How to Furnish an Open Plan Space
Incorporating open plan spaces into your home or office is one of the most effective ways to make interiors feel larger, while maximising the utility of the spaces in your home. Open plan spaces are versatile, in that they support mixed usage of a single space, and allow everyone to spend time together, even if they’re doing different things. Setting up an open plan space that will work for you and your family, however, does require planning.
Review your layout
Start by reviewing the layout of your open plan space. Three popular options are the long, the square, and the L-shaped layouts.
- Long layout – As for all layouts, aim to leave a gap of at least 80 cm between each zone. You can use a large rug to outline a specific zone for any living room area in the rectangular layout. If you have kitchen and dining spaces, they’re best connected in some way; for example, with shared furniture pieces.
- Square layout – A good way to maximise the square layout is to divide it in half and set up two small areas in the first half. For example, the kitchen and dining area is in one half, and the living space in the other half. One of the halves can be larger than the other.
- L-shaped layout – In this type of layout, the various zones are already defined. You can approach this layout by having the dining area in the right-angle area and the kitchen and living rooms in the remaining two arms on either side of the dining area.
Purpose of the space
As you set out a furnishing plan for your space, consider the purpose of each zone. List each zone you’ll have, and outline the types of activities your household will be doing in each zone. Estimate how much space you’ll allocate for each zone, then consider the furniture and the size of the pieces that will go into each zone. At this point, you’ll also be thinking about any remodelling, redecorating, or reorganising work that will be required, and you’ll also take into account the position of doors, windows, power outlets, columns, and other features.
As you start to imagine the furniture pieces that will go into each zone, don’t forget to visualise the space from the standpoint of organising options. The main organising options are linear, grid, axial, and central. In a linear organisation, your spaces are organised in a single line, and the size and shape of each zone can vary greatly so long as they relate to a straight line. For axial organisation, you’ll have two or more points of interest that define the organisation. Homes typically use a linear or axial organisation.
It’s vital to plan your pathways before you decide on actual furniture pieces and where they’ll go. Pathways are crucial to open spaces because they facilitate full usage of the space and allow people to move from zone to zone. Experts recommend allowing at least 90cm for the width of your paths.
Furniture groupings and borders
To ensure each zone is a self-contained space within itself, think about your furnishings as groupings. For example, in the living room, you’ll have a sofa, coffee table, end table, lounge, and chair. The grouping encompasses the furniture, the space around the furniture, and the pathway(s) required to access.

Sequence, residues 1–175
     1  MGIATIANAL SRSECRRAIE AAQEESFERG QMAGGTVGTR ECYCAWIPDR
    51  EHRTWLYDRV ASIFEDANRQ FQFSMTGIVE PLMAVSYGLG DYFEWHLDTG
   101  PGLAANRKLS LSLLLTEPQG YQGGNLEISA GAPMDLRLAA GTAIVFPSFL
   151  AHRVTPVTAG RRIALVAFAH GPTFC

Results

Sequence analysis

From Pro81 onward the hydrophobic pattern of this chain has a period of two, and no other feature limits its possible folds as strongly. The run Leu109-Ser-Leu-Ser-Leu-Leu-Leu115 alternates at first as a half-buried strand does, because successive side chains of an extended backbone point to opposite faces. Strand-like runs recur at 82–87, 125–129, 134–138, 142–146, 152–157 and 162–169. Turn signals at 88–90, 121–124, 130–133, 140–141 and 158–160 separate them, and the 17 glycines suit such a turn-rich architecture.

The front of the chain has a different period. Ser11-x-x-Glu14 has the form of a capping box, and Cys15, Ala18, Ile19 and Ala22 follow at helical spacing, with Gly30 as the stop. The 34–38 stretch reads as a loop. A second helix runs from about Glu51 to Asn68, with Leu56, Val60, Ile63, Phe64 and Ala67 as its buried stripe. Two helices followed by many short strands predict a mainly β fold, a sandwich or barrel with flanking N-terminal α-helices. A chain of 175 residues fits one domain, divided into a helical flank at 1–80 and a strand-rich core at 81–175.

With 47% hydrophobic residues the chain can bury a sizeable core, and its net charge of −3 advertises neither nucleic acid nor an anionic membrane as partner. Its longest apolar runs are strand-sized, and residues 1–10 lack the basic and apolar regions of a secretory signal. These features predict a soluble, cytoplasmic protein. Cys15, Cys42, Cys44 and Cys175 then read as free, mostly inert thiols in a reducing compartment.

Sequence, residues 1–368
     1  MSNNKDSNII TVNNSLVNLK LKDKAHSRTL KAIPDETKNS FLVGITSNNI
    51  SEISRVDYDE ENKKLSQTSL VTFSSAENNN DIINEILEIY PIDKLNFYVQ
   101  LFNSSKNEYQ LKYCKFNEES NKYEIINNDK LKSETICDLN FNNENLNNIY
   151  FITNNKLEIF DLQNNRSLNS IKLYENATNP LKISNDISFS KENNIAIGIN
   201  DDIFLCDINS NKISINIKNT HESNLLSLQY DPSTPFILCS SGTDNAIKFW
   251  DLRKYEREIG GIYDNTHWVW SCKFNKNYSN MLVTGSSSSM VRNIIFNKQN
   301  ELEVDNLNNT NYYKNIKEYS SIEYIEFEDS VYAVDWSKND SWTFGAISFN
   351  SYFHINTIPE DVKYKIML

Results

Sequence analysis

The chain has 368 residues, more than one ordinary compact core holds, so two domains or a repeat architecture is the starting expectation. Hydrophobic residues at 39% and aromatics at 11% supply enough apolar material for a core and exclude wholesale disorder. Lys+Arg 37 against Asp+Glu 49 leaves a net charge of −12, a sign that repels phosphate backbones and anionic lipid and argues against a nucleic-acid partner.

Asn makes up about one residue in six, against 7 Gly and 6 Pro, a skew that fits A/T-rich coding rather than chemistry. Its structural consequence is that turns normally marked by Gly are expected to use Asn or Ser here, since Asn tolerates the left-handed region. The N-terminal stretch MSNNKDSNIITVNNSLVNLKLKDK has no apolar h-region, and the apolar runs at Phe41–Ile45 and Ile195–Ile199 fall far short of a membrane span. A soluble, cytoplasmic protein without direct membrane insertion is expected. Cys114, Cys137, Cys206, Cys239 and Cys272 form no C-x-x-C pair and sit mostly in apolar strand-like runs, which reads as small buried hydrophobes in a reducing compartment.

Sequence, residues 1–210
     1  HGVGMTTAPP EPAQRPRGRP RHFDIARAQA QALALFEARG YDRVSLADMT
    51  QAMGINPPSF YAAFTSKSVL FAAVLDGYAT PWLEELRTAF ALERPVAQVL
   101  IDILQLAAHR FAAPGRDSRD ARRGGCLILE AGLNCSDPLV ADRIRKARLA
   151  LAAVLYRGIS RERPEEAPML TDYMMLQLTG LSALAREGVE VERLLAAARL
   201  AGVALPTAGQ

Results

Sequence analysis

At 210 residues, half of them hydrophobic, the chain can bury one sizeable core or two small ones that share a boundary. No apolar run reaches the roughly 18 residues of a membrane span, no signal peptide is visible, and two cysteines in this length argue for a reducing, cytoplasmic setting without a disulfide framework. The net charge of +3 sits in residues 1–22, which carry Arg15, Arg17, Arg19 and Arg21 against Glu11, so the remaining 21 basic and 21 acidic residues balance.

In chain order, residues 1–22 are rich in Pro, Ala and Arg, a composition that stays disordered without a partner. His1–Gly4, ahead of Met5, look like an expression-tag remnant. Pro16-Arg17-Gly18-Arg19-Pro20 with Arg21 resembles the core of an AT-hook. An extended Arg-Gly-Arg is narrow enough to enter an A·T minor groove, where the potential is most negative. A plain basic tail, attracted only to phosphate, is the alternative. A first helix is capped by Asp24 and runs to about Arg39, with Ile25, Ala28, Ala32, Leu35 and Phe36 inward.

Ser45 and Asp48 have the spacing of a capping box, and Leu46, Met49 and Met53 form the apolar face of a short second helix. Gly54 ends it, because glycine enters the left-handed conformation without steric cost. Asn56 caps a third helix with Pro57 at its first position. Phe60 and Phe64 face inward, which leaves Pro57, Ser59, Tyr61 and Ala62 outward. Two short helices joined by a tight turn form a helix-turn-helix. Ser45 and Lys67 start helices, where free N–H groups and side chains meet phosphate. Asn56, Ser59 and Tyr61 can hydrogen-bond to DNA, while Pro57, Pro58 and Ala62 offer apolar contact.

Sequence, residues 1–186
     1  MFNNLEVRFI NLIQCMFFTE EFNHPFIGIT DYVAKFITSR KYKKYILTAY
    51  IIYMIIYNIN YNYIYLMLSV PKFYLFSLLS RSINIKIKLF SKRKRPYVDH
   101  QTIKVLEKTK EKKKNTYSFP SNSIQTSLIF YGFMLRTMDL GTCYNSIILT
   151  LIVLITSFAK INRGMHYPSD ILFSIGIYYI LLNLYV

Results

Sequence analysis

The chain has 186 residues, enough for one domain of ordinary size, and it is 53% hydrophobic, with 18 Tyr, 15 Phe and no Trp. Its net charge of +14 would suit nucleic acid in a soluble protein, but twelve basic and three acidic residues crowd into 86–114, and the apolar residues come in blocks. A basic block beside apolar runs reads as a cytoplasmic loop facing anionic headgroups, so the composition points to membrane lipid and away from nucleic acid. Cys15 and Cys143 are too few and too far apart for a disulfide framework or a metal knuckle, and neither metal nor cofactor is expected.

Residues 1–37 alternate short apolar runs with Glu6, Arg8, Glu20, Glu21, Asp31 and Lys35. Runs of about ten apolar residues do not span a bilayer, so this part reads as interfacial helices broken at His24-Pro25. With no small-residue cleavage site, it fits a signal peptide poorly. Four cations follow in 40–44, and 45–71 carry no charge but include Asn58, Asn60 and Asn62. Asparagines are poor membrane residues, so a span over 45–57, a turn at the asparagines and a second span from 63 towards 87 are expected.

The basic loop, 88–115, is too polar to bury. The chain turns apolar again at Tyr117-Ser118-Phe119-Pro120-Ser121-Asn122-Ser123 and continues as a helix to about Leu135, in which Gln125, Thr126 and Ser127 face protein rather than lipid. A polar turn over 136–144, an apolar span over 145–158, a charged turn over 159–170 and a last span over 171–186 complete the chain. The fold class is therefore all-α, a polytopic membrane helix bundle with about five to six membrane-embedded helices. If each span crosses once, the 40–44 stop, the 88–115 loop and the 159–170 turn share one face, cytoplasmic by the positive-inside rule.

As you’re choosing your furnishings, also think about using statement pieces that can build borders and distinguish individual zones. Items such as sofas, console tables, buffets, and bookshelves can all create borders. Rugs are another way to create borders in each zone.
Public versus private areas
You can use furnishings and accessories to create semi-private spaces within zones. Other ways to create more distance or set off individual spaces within zones include lighting, raised floors, dropped ceilings, and beams. Even screens can be subtle ways to distinguish and separate spaces.
Using a bold splash of colour in a feature item such as a sofa and using matching or complementary colours in other items in the same zone is a great way to distinguish individual zones in your open space. Use colours that are suitable for the function of the space.
Rugs and shelving
While the focus is often on key pieces such as tables and sofas, accessory pieces such as rugs and shelving can make a dramatic impact when it comes to giving your open space a coherent layout and distinguishing your zones. Use rugs to demarcate individual zones or spaces within zones, and keep in mind shelving can bring extra visual impact while allowing you to separate zones.
The smart use of lighting lets you set off certain spaces and minimise border areas such as pathways. For example, you can use a large chandelier over the dining room table and recessed lights to highlight a kitchen island area. A full-length lamp next to a chair in an otherwise darkened recreational area can be used to set off a reading space within the living-room zone.
Endless possibilities for beautiful open plan spaces
When it comes to creating a functional yet stylish open space, planning is key to avoid a space looking cluttered. By reviewing the layout of your space, considering the purpose of each zone, and integrating features such as pathways and lighting, you can create an open space that feels spacious and inviting, and one that successfully supports individual and communal activities.